A veteran with post-traumatic stress disorder wants his service dog by his side at work, but he says the North Carolina city he works for won’t let it happen.
Ronnie Massey, a Gulf War veteran who lives in Asheboro, has worked in the City of High Point public services department for 10 years. He has spent the past several months in a tug of war with High Point over his dog, Lusa, who is trained to help him with his PTSD and diabetes.
“She goes to church with me, she goes to the gym with me, she goes every place I go, but work,” Massey told Fox8, noting that the city had concerns because Lusa is part Rottweiler.
“It was going good until they asked me her breed,” he said in an interview with The News & Observer on Wednesday. “Then it all started.”
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Massey said the city gave him two options: work in the sewage plant, where the dog must be tied off; or work in an office, where the dog is not allowed.
Neither option works, Massey said, “because she needs to be with me at all times.”
The City of High Point told Fox8 that it cannot legally comment on Massey’s situation, but that it makes reasonable arrangements for service animals.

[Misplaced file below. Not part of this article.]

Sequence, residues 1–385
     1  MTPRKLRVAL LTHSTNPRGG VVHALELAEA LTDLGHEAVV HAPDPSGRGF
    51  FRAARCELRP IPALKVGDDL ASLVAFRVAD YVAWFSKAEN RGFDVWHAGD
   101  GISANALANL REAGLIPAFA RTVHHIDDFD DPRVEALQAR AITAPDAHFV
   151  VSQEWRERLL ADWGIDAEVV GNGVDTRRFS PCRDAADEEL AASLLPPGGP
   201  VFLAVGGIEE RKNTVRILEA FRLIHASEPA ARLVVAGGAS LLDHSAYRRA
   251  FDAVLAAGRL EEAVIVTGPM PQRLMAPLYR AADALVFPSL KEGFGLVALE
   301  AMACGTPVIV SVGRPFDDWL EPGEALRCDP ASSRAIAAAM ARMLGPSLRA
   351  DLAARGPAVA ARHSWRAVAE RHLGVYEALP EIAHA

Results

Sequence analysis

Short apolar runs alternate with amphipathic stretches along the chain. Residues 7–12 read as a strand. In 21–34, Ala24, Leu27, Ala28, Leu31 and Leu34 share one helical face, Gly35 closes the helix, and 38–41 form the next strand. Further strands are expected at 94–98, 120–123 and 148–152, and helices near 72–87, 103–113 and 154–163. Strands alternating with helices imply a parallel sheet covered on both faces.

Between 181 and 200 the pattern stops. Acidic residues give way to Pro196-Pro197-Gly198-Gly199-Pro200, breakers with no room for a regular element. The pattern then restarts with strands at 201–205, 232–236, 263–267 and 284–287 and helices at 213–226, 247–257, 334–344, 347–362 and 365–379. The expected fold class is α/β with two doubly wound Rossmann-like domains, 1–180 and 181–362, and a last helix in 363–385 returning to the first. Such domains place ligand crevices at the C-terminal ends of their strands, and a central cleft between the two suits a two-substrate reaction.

Saving Grace K9’s, a Lexington nonprofit that paired Massey and Lusa and trained them as a team, expressed disappointment over the matter in a Facebook post.
“These veterans are heroes … and have earned the respect of every American citizen,” the group wrote. “What (Massey) has been put through is not okay and should never be how any of us treat veterans.”
Massey’s troubles are not unique. Another of Saving Grace’s clients was fired several months ago for taking his dog to work at a Mooresville business, the group said.
“This isn’t just about me,” Massey said Wednesday. “It’s about all veterans, now and future.”
Massey said he plans to keep appealing the matter with the city’s human resources department.